FAQ
My apologies if this question is so basic that it's off-topic for the
list.

As part of my job, I have to do a lot of work munging message files;
each file contains information about multiple messages. After writing a
few programs that get specific bits of information out of these files,
I'm starting to think that a proper parser is what's needed, and any
time I need information out of the message files, I can use this
standard parser to get whatever I need.

My first problem with this theory of mine is that I don't have a formal
computer-science education, and I don't think I understand parsers (and,
more on-topic, Parse::RecDescent) well enough to write one. Can anyone
recommend a good book or tutorial on the subject of parsers, or should I
stick to piecemeal solutions until I find a computer-science degree?

Thank you.

csw
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  • Randal L. Schwartz at Sep 24, 2001 at 3:36 pm
    "Chris" == Chris Warren writes:
    Chris> As part of my job, I have to do a lot of work munging message
    Chris> files; each file contains information about multiple
    Chris> messages. After writing a few programs that get specific bits
    Chris> of information out of these files, I'm starting to think that a
    Chris> proper parser is what's needed, and any time I need information
    Chris> out of the message files, I can use this standard parser to get
    Chris> whatever I need.

    Chris> My first problem with this theory of mine is that I don't have
    Chris> a formal computer-science education, and I don't think I
    Chris> understand parsers (and, more on-topic, Parse::RecDescent) well
    Chris> enough to write one. Can anyone recommend a good book or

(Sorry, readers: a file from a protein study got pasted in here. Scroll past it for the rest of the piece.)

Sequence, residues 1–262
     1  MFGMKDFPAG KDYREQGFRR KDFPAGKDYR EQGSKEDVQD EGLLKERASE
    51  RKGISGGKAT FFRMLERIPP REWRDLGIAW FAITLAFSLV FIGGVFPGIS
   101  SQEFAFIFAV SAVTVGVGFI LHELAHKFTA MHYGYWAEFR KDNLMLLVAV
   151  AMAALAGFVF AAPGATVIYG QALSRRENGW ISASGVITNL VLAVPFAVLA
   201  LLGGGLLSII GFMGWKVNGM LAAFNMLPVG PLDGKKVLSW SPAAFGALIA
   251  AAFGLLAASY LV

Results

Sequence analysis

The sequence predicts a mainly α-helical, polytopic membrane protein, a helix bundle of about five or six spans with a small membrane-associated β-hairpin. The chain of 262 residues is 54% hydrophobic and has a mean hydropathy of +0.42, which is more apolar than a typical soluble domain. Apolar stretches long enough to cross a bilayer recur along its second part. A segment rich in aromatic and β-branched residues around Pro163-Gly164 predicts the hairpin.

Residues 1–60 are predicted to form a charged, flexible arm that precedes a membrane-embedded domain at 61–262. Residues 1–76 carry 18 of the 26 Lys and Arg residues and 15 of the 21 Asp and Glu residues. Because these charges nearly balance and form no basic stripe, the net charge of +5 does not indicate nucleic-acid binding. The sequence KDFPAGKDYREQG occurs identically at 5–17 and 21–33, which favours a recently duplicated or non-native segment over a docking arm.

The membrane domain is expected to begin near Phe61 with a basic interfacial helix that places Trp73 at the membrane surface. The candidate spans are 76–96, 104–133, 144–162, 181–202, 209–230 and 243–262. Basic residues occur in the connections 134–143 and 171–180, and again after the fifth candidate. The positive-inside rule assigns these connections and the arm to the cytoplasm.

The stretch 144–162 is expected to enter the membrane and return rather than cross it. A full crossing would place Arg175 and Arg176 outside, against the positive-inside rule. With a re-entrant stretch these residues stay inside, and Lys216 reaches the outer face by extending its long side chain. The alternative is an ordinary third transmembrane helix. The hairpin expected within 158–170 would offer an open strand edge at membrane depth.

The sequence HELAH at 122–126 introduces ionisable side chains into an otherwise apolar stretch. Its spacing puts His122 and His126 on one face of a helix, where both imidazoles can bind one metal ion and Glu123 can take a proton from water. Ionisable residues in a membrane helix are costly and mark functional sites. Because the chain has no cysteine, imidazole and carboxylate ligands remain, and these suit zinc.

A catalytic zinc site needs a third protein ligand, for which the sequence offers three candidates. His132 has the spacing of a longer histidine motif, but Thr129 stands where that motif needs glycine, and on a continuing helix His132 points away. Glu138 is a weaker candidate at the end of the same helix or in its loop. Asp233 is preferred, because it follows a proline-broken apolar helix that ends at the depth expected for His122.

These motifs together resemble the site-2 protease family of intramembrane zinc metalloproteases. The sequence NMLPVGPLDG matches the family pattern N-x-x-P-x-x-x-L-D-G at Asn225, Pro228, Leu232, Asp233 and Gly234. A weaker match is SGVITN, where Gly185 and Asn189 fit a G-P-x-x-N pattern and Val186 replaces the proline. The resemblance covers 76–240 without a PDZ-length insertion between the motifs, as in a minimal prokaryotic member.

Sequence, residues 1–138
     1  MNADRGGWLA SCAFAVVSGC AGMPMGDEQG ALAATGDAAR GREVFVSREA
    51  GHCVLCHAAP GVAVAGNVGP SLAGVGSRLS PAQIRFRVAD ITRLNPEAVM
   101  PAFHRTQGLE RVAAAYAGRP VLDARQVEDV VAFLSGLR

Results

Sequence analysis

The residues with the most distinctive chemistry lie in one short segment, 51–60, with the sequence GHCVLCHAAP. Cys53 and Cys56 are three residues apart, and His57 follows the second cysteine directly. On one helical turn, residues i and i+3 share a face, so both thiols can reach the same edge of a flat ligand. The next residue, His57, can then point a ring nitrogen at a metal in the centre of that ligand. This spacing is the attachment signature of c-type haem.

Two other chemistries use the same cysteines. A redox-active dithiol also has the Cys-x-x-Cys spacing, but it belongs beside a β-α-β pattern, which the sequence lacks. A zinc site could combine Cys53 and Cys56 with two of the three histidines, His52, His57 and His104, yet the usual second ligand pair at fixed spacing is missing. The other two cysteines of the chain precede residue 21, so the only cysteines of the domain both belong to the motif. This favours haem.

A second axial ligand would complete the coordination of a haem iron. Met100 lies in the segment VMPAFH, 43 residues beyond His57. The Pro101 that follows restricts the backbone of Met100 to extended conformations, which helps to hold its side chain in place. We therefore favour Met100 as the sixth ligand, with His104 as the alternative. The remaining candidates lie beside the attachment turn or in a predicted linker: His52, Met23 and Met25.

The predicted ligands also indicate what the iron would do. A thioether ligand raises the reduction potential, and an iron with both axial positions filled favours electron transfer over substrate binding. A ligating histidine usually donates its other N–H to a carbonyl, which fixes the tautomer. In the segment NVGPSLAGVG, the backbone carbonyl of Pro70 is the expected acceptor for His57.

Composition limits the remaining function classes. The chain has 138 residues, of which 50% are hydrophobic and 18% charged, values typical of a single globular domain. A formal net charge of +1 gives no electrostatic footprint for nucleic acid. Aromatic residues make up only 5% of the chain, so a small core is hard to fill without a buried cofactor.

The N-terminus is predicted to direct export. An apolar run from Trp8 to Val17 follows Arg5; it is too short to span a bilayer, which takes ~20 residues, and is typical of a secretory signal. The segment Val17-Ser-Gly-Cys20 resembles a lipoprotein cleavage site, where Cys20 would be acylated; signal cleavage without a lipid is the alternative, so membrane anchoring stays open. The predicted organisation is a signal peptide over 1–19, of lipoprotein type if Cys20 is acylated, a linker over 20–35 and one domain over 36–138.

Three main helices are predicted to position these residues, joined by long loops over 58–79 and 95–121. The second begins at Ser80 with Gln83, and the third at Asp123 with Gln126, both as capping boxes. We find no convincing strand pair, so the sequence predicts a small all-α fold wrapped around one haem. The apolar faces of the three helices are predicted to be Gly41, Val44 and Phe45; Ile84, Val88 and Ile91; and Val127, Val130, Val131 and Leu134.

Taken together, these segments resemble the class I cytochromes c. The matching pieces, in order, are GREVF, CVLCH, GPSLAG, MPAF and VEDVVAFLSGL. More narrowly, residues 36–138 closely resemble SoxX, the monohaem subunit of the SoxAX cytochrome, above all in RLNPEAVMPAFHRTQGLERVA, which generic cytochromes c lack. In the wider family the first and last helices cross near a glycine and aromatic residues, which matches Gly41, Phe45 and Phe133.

Chris> tutorial on the subject of parsers, or should I stick to
    Chris> piecemeal solutions until I find a computer-science degree?

    I've heard that the O'Reilly "Yacc and Lex" book offers a good gentle
    introduction for first-timers to parsers and lexers, although I've not
    personally read it. (I haven't read *every* O'Reilly book yet -- they
    keep coming out with too many of them! :)

    And to give you hope, *I* also don't have a formal CS education in the
    slightest. I learned parsers by studying the Unix docs for Yacc some
    20 years ago, and lexers by studying the Unix Lex docs, and wrote a
    program similar to my "spew"
    (<http://www.stonehenge.com/merlyn/LinuxMag/col04.html>, and part of
    the P::RD distro now) in Yacc and Lex as a personal exercise to see if
    I understood. I still haven't a clue what LALR and LL mean, and I can
    barely tell the difference between recursive descent and the rest, but
    I know P::RD rocks cuz it's Damian code. :)

    Of course, the action language for Yacc and Lex is C. You've got it
    tons easier to do the same thing with P::RD, because the action
    language is Perl. :)

    Hope that helps... and if anyone finds something better than
    O'Reilly's book, let *me* know so I can recommend it as well.

    --
    Randal L. Schwartz - Stonehenge Consulting Services, Inc. - +1 503 777 0095
    <merlyn@stonehenge.com> <URL:http://www.stonehenge.com/merlyn/>
    Perl/Unix/security consulting, Technical writing, Comedy, etc. etc.
    See PerlTraining.Stonehenge.com for onsite and open-enrollment Perl training!

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